Google teams up with DEA, CVS, Walgreens on opioid disposal efforts

Search queries for “medication disposal near me” reached an all-time high on Google last month as the country continues to face a public health crisis with opioid addiction and overdoses.

As part of Google’s effort to combat the opioid crisis and help people safely remove excess or unused opioids from their homes, Google Maps and Google Search will now provide information about drug disposal locations year-round.

Google Maps users can type in queries like “drug drop off near me,” or “medication disposal near me” and Google Maps will display permanent disposal locations at local pharmacies, hospitals or government buildings so consumers can safely discard unneeded medication, the company said.

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Working with the U.S. Drug Enforcement Administration, the Department of Health and Human Services, state agencies and CVS and Walgreens, Google is starting with a pilot program with 3,500 locations nationwide, with a focus on seven states. The company plans to incorporate additional locations and statewide data.

The Centers for Disease Control and Prevention reports that more than 130 people in the U.S. die from an opioid overdose every day, and Americans are now more likely to die from an opioid overdose than a car accident. The majority of prescription drug abuse (53%) starts with drugs obtained from family and friends, according to a report from HHS and the Substance Abuse and Mental Health Services Administration.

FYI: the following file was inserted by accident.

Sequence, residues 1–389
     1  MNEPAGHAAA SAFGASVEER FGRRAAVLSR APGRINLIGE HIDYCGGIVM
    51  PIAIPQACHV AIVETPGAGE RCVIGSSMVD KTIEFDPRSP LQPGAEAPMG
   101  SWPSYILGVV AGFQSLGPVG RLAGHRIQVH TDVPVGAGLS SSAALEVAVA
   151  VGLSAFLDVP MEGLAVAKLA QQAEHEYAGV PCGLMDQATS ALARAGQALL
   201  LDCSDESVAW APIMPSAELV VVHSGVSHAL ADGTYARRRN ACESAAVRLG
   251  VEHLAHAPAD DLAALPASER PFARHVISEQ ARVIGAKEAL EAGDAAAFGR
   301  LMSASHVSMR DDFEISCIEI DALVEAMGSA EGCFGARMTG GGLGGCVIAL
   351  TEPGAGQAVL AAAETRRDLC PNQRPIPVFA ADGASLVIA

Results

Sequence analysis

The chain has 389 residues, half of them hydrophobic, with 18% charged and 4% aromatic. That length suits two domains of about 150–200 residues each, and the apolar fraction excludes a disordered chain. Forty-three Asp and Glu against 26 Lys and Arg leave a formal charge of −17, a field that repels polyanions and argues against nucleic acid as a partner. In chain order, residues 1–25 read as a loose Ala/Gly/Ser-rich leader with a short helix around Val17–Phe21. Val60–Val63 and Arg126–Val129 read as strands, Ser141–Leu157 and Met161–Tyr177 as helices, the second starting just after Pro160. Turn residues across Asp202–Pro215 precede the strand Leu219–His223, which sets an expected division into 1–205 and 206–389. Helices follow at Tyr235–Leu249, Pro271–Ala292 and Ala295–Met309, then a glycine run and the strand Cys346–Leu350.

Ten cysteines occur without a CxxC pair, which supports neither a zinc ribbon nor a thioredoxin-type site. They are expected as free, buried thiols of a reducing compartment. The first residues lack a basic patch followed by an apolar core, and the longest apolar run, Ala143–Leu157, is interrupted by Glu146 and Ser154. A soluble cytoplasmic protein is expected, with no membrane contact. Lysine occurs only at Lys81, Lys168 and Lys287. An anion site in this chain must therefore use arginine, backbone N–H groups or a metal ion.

By making it easy for consumers to get information on disposal sites, it can help people get rid of leftover medication sitting in their medicine cabinets, Google officials said.

“By bringing opioid disposal site information to Google Maps, Americans are only a search away from helping to address the opioid crisis. This type of consumer empowermentproviding easily accessible datais the kind of innovation needed to improve healthcare,” said Ed Simcox, HHS chief technology officer.

In a blog post, Dane Glasglow, VP of product at Google Maps, said Google partnered with the DEA last year for National Prescription Take Back Day by developing a Google Maps API locator tool to help people dispose of their prescription drugs at temporary locations twice a year, an idea born out of the Opioid Code-A-Thon hosted by HHS.

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“With the help of the tool, the DEA and its local partners collected a record 1.85 million pounds of unused prescription drugs in 2018,” Glasglow said.

“Companies like Walgreens and CVS Health, along with state governments in Alabama, Arizona, Colorado, Iowa, Massachusetts, Michigan and Pennsylvania have been instrumental in this project, contributing data with extensive lists of public and private disposal locations,” Glasglow said.

The DEA is also working with Google to provide additional location data to expand the pilot.